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  • Art & Artifacts Collection

  • History

    Since its founding a century and a half ago, the Los Angeles Unified School District has accumulated many valuable and important artworks, artifacts, records and historical items, some as property of the District, others as gifts and donations. The Art and Artifact Collection’s holdings, numbering over 100,000 items, include paintings, murals, sculptures, prints, decorative arts, photographs, films, rare books, antique schoolhouse furniture, memorabilia, equipment, and  instructional records.  Although historically the Collection has been sparsely documented, we know something about how the District acquired these artifacts:

    • Paintings and murals were purchased and donated by graduating classes at various campuses.

    • Library Associations purchased paintings as gifts to the District.

    • Contemporary local artists donated their work.

    • Venice High School had an on-campus museum of antiquities, which was donated by the Classical League of Downtown Los Angeles.

    • Under President Franklin Delano Roosevelt’s New Deal, artists were hired to create public art in locations such as schools, post offices and parks.

    • District employees were hired as staff photographers for the Audio Visual Section, Public Information Office and other branches.

    • Non-profit organizations like the Hollywood Beautification Team received Neighborhood grants from the City of Los Angeles that were used to hire artists to paint murals at local schools.

    • Teachers, staff and alumni gave gifts of artwork, rare books, yearbooks, scrapbooks, silver tea sets and china services used in Home Economics’ classes.

    • Other District employees maintained various District records such as board minutes, annual reports, budgets, files on the 1965 Elementary and Secondary Education Act, and historic schoolhouse furniture and memorabilia.

    In 2003, the District hired a part-time curator to design a new Art and Artifact Collection/Archives Resource Center as a functional, accessible community asset.


    The Mission of the Collection is to:

    Engage and educate the Los Angeles community, including students, families, faculty, staff and alumni, as well as independent historians, curators,    librarians, archivists, and interested parties, about the history of LAUSD and its role within the greater community.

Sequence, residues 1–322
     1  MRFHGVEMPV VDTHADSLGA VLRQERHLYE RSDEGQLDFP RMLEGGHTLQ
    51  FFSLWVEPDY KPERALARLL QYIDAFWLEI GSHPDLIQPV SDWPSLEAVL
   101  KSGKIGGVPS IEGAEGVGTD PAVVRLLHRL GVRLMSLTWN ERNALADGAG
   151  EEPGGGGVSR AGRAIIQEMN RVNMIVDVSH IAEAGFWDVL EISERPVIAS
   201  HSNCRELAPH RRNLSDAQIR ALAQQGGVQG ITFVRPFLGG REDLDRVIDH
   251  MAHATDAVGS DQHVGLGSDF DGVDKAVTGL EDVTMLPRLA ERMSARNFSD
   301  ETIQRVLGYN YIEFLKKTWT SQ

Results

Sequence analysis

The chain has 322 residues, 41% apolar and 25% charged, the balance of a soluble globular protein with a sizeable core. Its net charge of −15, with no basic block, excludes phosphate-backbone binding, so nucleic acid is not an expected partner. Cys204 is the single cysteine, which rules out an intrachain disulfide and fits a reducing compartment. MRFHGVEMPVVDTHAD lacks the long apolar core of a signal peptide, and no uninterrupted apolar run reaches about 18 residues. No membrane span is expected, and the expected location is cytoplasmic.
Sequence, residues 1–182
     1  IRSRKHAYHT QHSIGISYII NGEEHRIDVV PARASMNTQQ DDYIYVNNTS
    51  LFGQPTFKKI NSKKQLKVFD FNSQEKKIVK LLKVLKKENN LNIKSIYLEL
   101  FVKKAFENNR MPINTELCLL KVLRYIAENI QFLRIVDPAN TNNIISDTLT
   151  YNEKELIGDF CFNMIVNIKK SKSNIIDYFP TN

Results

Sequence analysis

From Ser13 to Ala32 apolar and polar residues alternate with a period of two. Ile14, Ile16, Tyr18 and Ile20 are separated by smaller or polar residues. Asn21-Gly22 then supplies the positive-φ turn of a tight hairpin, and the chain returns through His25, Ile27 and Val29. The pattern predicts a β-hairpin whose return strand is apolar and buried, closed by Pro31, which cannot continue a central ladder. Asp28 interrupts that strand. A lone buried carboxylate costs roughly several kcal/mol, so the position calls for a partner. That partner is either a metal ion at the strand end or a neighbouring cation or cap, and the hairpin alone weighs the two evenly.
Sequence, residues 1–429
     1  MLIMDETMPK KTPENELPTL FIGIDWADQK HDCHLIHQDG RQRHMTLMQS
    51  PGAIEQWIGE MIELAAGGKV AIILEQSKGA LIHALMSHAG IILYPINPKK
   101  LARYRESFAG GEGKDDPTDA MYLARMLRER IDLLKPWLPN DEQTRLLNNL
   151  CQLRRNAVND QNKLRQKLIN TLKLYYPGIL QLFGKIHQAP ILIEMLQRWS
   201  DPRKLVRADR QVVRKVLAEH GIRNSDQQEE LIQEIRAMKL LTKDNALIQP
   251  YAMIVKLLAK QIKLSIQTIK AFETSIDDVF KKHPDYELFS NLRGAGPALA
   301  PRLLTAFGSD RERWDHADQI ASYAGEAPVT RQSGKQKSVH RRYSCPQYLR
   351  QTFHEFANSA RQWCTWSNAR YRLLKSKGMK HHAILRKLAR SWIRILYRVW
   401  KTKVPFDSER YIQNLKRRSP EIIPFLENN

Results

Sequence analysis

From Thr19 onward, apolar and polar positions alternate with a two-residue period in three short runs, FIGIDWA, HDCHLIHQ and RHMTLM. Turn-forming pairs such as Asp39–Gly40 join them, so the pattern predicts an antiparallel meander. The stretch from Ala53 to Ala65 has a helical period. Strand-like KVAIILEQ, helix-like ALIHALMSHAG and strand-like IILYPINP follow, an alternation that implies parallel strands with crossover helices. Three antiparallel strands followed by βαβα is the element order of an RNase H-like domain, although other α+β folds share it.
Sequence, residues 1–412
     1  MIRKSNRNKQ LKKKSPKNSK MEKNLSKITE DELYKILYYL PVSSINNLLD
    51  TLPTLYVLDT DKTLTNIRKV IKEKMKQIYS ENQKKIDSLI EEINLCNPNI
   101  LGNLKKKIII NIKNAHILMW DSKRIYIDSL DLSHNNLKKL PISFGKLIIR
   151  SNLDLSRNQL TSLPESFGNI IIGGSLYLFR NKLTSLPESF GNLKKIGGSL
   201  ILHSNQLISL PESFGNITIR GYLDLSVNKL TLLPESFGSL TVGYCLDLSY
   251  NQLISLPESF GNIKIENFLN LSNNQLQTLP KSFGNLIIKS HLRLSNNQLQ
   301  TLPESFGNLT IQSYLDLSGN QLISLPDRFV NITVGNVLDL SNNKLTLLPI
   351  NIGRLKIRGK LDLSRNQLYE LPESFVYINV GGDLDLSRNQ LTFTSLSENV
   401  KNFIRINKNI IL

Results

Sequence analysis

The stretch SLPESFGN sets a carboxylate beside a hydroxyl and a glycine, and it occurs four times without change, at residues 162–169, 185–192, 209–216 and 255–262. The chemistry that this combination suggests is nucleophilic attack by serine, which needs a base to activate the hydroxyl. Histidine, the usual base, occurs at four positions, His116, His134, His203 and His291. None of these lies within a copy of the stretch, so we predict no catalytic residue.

• Preserve and protect the cultural heritage of LAUSD

    • Encourage the school community to become involved in the dynamic process of contributing to the collection in ways that reflect current environments and cultures

    The Collection is a Community and School Resource:

    • The Collection and Archives provide numerous points of entry for LAUSD teachers and students as a repository of primary source documents and artifacts. These objects reveal a larger historical perspective than traditional textbook study allows and promote an uncommon opportunity to engage in analytical and critical thinking.

    • The Collection also contains objects that have significance for the greater Los Angeles education, historical, art historical, archival, library and museum communities.

    • It contains artifacts that tell the story of LAUSD’s formation, administration and programs as well as miscellaneous historical items that cover broader subjects.


    Art and Artifact Collection Programs:

    Los Angeles students, past and present, find unique ways to engage with their own school through discovery of, and contribution to, LAUSD’s visual and recorded history. Opportunities to utilize the Collection in the classroom are numerous. The AAC has partnered with a number of experts and institutions to develop meaningful lessons and opportunities for classrooms. Lessons and field trips provide multi-sensory, hands-on, standards-based activities centered on the rich and diverse materials of the Collection. They draw on the expertise of collaborating, regional specialists and offer integrated, engaging experiences available online, in the classroom and as tours. The AAC staff and interns are available to provide customized support for lesson implementation including class visits and curatorial assistance in the selection of thematically-based materials.

    The AAC also encourages the creative instructional use of Collection materials and is constantly seeking new ideas and methods to support multi-sensory learning experiences for students. The AAC provides access to Collection artifacts and materials, contextual information, leads for further research and a lesson development template.

    The Art and Artifact Collection is a program of the Arts Education Branch, Instructional Services.

    For more information please contact the curator:  

    Cintia Romero






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